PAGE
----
Part 3: The Road to Recovery
Tuesday, January 26, 2016
*I've decided to write a series of blog posts on my weight loss surgery journey to get my old Spark Friends caught up on what I've been doing over the past year and a half and to help inform people about the weight loss surgery process. So here is Part 3: *
So sorry for waiting so long to get to posting Part 3! Things have been incredibly hectic at work and I started half marathon training after work, so I haven't had much time to sit and type up a long post.
When we left off, I had raced through O'hare airport only to sit at the terminal for like three more hours. But I did actually make it back to Rochester, where my devoted husband picked me up in the wee hours of the morning.
The first week back home dragged on forever. I was literally just trying to survive from one minute to the next. We went grocery shopping and stocked up on the soups I'd be eating for the next few weeks, drinkable yogurt, and soy milk for my protein shakes. The 7th day post-op (second day home) I was allowed to start taking my vitamins again. I was still on my anti-nausea pill. But I was off my pain meds and I was still only allowed to have clear liquids, except for my protein shakes. My "food" consisted of protein shakes, broth, sugar-free jello, and sugar-free popsicles.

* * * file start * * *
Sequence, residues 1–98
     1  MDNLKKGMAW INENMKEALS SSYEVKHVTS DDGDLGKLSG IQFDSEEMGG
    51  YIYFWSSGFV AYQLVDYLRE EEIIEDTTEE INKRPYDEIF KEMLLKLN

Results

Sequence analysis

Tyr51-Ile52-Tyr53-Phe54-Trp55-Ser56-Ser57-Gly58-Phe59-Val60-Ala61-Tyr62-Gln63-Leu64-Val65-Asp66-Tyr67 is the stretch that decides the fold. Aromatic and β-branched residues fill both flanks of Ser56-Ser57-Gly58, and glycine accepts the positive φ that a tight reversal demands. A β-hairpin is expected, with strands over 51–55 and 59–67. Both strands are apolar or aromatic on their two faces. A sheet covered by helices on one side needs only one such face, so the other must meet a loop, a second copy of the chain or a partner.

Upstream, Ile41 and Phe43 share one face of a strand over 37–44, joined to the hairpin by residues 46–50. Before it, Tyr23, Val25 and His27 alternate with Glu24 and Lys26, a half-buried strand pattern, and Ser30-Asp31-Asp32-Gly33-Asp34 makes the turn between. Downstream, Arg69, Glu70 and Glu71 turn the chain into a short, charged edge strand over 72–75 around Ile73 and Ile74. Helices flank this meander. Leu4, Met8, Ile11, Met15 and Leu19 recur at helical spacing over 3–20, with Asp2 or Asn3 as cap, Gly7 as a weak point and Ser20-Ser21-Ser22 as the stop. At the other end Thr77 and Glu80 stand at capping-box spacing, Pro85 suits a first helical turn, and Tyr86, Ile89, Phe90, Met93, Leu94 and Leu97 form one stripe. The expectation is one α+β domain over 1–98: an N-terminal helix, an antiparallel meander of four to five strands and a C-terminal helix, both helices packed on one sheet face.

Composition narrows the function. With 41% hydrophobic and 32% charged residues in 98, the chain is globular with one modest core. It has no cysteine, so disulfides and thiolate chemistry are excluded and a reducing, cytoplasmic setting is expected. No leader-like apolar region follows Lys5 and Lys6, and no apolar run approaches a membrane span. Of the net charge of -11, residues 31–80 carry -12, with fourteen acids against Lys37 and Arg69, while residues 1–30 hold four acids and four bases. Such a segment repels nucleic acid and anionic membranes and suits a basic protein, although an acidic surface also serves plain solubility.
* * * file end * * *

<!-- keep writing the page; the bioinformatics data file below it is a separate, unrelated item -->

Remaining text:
It was my full time job trying to keep track of my vitamins/meds, sip sip sip my water (goal was 1 ounce every 15 minutes), get some protein in, walk frequently, and nap a lot. The water was probably the hardest part. Before my surgery, I used to guzzle water all day long. I probably drank close to a gallon a day. In the first few days post-op, even the TINIEST sip was an ordeal. I would immediately feel this gurgling in my throat, then my esophagus would constrict, causing terrible pain in my chest, then the water would sit like lead in my stomach, then I would often have to burp. It was extraordinarily uncomfortable and often painful. I found that marching in place while sipping helped some. But just trying to get the bare minimum of 64 oz. of water in per day, even sipping all day long, was a real chore.
I was, of course, also VERY tired. I was operating on a minuscule amount of calories per day. I was healing from major surgery. And I was struggling to fight off dehydration. I napped a LOT. I laid on the couch a LOT. I regretting my decision to have surgery in the first place a LOT. I cried a LOT. And I questioned if I would ever feel "normal" again. It was not the best few weeks of my life!
At 10 days post-op, I was allowed strained cream soups. That was exciting, because I finally got to have some varieties of flavors. I literally bought every single flavor of creamed soup my grocery store had and tried them all. My favorites were Campbell's Condensed Cream of Shrimp and Progresso Chicken & Cheese Enchilada. Spicy things didn't seem to disagree with me, so I even tried my grocery store's Buffalo Chicken Chowder from their hot soup bar and it was HEAVEN in a cup!
Fifteen days post-op, I had to go back to work. That was NOT a good situation. I was still really struggling with fatigue and it was a real challenge to make it through a full day of work. Pretty much that whole first week I just went straight to bed as soon as I got home. It was also a challenge trying to fit my sipping and "eating" into my work day.